Candlelight filled the area stretching from the Harlan Hatcher Graduate Library to the Diag flagpole and from Angell Hall to West Hall last night as an estimated 15,000 members of the University community came together to promote peace and unity at an impromptu vigil honoring the victims of yesterday’s attack.
“It was the best behaved 15,000 I’ve ever seen,” Department of Public Safety spokeswoman Diane Brown said. “By far this was the largest turnout (the University has) ever had.”
Together, students expressed their mixed feelings of shock, anger and grief.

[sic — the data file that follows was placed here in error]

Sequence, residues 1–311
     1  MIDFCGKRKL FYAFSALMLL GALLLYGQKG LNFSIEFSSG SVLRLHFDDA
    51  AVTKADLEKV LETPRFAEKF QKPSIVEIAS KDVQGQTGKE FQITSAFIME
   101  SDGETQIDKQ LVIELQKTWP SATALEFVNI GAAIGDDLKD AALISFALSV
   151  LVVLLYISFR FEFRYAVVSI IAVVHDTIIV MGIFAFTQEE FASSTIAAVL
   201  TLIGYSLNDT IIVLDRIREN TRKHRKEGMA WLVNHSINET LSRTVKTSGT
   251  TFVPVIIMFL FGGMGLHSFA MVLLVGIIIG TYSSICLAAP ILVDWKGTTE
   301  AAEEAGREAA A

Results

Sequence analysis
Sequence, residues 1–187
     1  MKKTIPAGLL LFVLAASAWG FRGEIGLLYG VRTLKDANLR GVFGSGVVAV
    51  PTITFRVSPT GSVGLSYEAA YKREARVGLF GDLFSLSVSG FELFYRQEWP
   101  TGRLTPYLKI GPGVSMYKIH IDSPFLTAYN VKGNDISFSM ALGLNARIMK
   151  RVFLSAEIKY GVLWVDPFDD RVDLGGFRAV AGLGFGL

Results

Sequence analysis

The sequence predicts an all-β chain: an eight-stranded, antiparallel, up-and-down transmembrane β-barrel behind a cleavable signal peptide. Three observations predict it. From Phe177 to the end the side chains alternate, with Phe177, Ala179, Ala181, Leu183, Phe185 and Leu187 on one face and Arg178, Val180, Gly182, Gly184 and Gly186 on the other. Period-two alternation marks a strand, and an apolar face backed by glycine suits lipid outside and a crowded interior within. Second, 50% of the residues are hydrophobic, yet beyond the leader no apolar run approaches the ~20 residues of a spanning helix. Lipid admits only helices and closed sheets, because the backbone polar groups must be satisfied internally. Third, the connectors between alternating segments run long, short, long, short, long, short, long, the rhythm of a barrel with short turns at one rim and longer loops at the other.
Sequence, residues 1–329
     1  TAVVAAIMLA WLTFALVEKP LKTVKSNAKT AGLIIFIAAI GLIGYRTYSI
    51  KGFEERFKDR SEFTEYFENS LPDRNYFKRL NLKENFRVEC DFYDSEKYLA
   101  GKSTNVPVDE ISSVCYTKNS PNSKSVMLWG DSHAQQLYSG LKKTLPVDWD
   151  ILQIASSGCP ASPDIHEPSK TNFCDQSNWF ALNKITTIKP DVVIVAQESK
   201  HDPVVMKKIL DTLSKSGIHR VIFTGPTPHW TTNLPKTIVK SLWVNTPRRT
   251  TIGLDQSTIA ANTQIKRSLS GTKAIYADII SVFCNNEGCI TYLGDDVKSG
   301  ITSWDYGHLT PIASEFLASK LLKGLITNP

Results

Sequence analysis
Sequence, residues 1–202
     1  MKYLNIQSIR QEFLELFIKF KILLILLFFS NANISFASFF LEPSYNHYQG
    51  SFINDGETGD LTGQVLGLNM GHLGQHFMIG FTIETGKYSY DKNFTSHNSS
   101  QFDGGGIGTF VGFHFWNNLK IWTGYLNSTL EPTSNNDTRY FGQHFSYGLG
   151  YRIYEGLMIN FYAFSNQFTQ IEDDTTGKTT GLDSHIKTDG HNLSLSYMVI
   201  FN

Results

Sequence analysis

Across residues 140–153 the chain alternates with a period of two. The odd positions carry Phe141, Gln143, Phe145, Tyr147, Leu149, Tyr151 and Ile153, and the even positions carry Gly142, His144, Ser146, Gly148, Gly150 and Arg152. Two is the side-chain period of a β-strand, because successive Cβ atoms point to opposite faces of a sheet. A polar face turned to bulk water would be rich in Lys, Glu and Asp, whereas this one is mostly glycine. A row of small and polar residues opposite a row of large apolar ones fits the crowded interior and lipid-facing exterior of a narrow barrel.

“I’m still a little bit shocked. I’m pretty upset. I think it’s unbelievable that something would happen like this and that it happened to this country,” said Engineering freshman Paul Gibson, a Washington resident who attended the vigil. “It’s going to take a long time for people to heal. Until now, people thought of this as a safe haven where nothing could happen, and that’s changed.”
For Gibson, the attack on the Pentagon and the World Trade Center was personal.
“My dad works at the Pentagon,” he said. “I just went back to my room and tried to contact him. I just sat by my phone and waited.” Gibson said his attempts were eventually successful.